HOW OFTEN SHOULD I HOLD PERSONNEL MEETINGS?
As we all know, a meeting only needs to be held if it’s going to contribute to the team and if it involves the group working together. If not, you could easily send out an email for them to read whenever.
Why you should be having regular meetings is to get together and talk about the progress you’ve made, the issues you’ve encountered and how to go about them. And making sure everyone is working well together and taking care of any problems. The main focus of holding these team meetings is to discuss expectations of what information you will go over.
When you’re holding a meeting it shouldn’t last any longer than an hour to go over where the group is at and any issues they’re facing. Be sure to think about future milestones and make sure everybody is equipped with what they need to succeed. Keeping it at an hour gives you time to discuss while using an issued time.
Even with all of this, you may have a lot to go over in an hour if you have a big project. It might be difficult, but definitely can be accomplished. It’s super important to focus on the activities you’re given right now and coming up in the future. You may be wasting your time if you’re talking about past events that you’ve already completed. Where you’re really going to benefit is from looking at the issues and crucial items. A lot of meetings get messed up and earn a bad name is because they’re seen as a waste of time. A waste of time could be focusing only on a single issue rather than all of them or doing something some of the members aren’t good at.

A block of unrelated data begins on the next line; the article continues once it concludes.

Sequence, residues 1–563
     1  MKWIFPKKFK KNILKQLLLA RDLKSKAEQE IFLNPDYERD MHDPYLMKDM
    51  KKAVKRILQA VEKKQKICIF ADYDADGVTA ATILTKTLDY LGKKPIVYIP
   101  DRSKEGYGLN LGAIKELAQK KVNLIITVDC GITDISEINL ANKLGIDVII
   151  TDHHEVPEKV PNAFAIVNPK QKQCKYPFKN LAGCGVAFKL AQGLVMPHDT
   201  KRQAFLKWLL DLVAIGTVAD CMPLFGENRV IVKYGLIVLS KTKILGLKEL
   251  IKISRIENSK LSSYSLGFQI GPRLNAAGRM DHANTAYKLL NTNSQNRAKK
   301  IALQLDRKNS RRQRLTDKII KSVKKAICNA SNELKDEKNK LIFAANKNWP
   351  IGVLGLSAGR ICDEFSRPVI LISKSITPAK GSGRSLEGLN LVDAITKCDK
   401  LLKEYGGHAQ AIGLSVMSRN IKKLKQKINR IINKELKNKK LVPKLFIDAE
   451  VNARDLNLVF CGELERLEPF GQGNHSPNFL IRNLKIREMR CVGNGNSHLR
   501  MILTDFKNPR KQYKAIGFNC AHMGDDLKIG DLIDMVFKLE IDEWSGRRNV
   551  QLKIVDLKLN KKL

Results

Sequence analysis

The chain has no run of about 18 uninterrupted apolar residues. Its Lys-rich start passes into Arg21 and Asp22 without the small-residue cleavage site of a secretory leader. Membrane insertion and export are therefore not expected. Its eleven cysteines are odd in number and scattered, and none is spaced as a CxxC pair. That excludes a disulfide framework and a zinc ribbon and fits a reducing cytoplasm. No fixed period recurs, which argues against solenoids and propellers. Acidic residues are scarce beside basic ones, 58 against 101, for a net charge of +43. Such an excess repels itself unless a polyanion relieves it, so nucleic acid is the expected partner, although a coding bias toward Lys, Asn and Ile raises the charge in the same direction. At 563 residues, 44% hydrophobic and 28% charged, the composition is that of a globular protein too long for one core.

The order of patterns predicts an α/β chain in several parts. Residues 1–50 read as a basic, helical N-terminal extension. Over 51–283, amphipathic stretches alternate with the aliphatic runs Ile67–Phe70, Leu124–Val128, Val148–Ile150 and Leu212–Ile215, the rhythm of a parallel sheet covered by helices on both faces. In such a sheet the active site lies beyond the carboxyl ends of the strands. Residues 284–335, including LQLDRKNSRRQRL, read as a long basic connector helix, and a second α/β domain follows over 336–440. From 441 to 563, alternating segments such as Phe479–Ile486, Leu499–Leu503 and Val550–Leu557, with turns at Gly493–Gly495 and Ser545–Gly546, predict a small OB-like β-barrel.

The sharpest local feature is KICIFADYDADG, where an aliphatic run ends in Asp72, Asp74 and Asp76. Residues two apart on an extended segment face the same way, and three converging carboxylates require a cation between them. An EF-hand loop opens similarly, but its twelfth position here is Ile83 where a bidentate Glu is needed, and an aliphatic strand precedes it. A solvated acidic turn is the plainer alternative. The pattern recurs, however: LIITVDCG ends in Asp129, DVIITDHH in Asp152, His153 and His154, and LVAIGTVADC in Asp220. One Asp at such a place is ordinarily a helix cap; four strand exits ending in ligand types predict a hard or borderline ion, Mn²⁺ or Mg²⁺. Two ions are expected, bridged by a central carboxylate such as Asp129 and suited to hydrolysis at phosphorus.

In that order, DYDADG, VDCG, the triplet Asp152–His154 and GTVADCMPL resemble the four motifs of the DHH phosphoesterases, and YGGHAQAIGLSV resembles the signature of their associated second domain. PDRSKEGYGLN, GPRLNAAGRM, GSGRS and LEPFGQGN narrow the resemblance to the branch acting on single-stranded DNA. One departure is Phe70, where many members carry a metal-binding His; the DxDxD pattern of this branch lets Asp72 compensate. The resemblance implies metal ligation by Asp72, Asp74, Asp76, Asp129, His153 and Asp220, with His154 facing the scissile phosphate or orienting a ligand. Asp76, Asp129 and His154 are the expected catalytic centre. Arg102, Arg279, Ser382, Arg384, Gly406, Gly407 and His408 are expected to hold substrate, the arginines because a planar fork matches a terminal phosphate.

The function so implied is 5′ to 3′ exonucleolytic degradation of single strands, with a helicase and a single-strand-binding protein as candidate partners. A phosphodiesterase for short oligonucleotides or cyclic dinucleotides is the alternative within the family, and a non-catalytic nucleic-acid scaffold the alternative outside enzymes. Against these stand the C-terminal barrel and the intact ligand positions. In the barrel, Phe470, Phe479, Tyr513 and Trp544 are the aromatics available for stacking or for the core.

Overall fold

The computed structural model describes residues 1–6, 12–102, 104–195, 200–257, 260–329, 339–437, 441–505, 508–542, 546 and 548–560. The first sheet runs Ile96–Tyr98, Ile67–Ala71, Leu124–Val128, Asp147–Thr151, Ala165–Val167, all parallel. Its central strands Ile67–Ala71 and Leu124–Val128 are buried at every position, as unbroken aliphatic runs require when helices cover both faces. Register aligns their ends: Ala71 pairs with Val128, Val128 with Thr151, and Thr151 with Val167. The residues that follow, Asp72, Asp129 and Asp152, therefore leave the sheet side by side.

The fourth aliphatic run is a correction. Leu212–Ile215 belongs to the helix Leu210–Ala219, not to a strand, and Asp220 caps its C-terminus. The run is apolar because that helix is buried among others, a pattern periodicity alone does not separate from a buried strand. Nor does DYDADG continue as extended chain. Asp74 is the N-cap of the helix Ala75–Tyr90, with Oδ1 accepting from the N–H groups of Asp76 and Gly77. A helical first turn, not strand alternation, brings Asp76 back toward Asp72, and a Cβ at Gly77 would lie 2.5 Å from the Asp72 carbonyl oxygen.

How often you should hold a meeting depends on a few things. These things are: how fast the project is changing, how much you’re risking, and the size of the team. A project that’s into a more aggressive schedule more rapidly may need fewer meetings, but go over more. If you’re at a higher risk because of uncertainty, you may think about shorter meetings more often. If you have a bigger projects, that comes along with multiple smaller projects, you may have a “sub team” that works on everyday tasks that pull all the work together and help meet the expectations.
A major warning to be aware of is that holding regular meetings shouldn’t be used to collect information on the team’s status. This takes away from the time that the team is provided with. It’s boring and wasteful to ask your group to report on every single action completed. It’s the project manager’s job to stay on top of the team’s progress and be prepared with discussion topics, actions, and any possible risks. Members of the team are able to bring up any concerns if they haven’t already talked about them.
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About the Author: Lalanii Wilson-Jones, MBA is a dynamic business leader based in Dallas, Texas who owns & operates multiple companies across several industries. Her range of talents and experience makes her an ideal candidate for strong economic partnerships all over the world, a great mentor and a great source of information that can change the mechanics of any sized company.
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